Obscure outside the aviation industry, Kjos is a celebrity at home; he’s Norway’s Richard Branson. In the early Aughts, Kjos introduced low-cost flights to a region that has historically been dominated by Scandinavian Airlines (SAS). At the time, SAS, which is controlled by the governments of Norway, Sweden, and Denmark, had some of the highest fares in Europe. “He has changed the lives of many, many Scandinavians,” says Hans Erik Jacobsen, an analyst at First Securities ASA.
Kjos also became a face of the New Norway. As the country has become an economic power thanks to oil in the North Sea, it has seen a new generation of entrepreneurs challenge insular stereotypes. “Keep in mind, Norway used to be the very poor kid in Europe, like Albania,” says Truls Berg, an angel investor in Oslo and an admirer of Kjos. “Nobody really understood why anyone was living up here.”
He grew up in the village of Sokna, about an hour north of Oslo, known for its extremely cold winters. His father, Ola Kjos, ran a sawmill and also owned a Piper Cub that he used to take aerial photographs of his neighbors’ farms for extra income. Bjørn began accompanying his dad on flights when he was 8. He loved flying so much that he enlisted in the Royal Norwegian Air Force. He spent eight years in the military, six of those happily patrolling the northern Norwegian border in an F-16. Almost every day, Russian pilots wandered into Norwegian air space. Kjos routinely chased them away. “You flew up and said, ‘F- -k off,’ ” he says, laughing. He later published a spy novel, The Murmansk Affair, inspired by the experience.
Photograph by Gunnar BlöndalKjos considered becoming a commercial pilot, but SAS wasn’t hiring. So he decided to study law at the University of Oslo. He befriended Bjørn Kise, another student. Kise also had a working-class upbringing—his father and grandfather were grocers—and served in the navy. Both Bjørns married SAS stewardesses.
After graduating in 1978, Kjos and Kise started a maritime law firm. They say they took pleasure in besting rival barristers from blue-blooded families. “Bjørn is very persistent,” says Kise, now chairman of the board of directors at Norwegian. “He always wanted to argue, argue, argue.”
In 1993, Kjos got a call from two old air force buddies. They were working for a tiny airline called Busy Bee, which was on the verge of insolvency. Kjos looked at the books. Busy Bee had a lucrative contract to fly a handful of routes for Braathens, a larger Norwegian airline. But Busy Bee’s expenses were too high. It had 200 pilots and 25 planes. Kjos figured it could be profitable if it reduced its staff by 75 percent and its fleet to just five planes.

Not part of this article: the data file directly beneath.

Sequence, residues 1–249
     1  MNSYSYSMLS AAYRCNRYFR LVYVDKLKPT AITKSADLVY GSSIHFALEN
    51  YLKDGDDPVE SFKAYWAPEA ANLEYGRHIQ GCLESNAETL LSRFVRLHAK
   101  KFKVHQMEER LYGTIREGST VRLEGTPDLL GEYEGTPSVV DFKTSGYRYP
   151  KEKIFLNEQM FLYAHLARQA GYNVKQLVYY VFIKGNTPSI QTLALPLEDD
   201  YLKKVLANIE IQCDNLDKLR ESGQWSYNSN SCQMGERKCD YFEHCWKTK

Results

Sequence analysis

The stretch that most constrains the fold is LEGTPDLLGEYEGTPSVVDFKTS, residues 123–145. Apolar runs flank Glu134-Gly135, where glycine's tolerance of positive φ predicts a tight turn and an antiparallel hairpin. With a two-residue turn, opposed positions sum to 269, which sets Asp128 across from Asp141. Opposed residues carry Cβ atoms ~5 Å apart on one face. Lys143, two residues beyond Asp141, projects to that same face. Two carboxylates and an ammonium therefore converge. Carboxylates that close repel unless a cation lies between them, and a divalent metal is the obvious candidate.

After Busy Bee went bankrupt, Kjos tried to get investors to take it over with Busy Bee’s pilots. But hardly anybody was interested in purchasing shares—not even his old friends. So the two Bjørns acquired a controlling interest in five of its planes and routes in western Norway. They renamed the carrier Norwegian Air Shuttle. The two men moved their new company into an old military barrack to save money.
For eight years, the two Bjørns made a small but steady profit from their stake in Norwegian Air. But in 2001, SAS bought Braathens and canceled its contract with Norwegian Air. Kjos and Kise had a choice: They could shut down the little airline or they could compete with SAS. Kjos was smitten with the latter idea, but Kise had misgivings. He wasn’t so sure it was wise for Norwegian, with 130 employees, to take on SAS, which had 7,556 employees and 199 planes. “I can’t understand why during the last 20 years, I have constantly found myself standing with Bjørn with my toes on the edge of the mountain,” Kise recalls saying at the time.
Convinced that SAS was vulnerable because of its high prices, Kjos took a leave of absence from his law firm and became Norwegian’s CEO. “We said that our mission is to give low fares for anybody,” he says. Norwegian leased new planes and sold seats before they arrived to cover their cost. It encouraged customers to buy tickets online. Rather than letting planes sit for hours on the runway, Kjos told his pilots and crews to get them back in the air within 20 minutes after landing.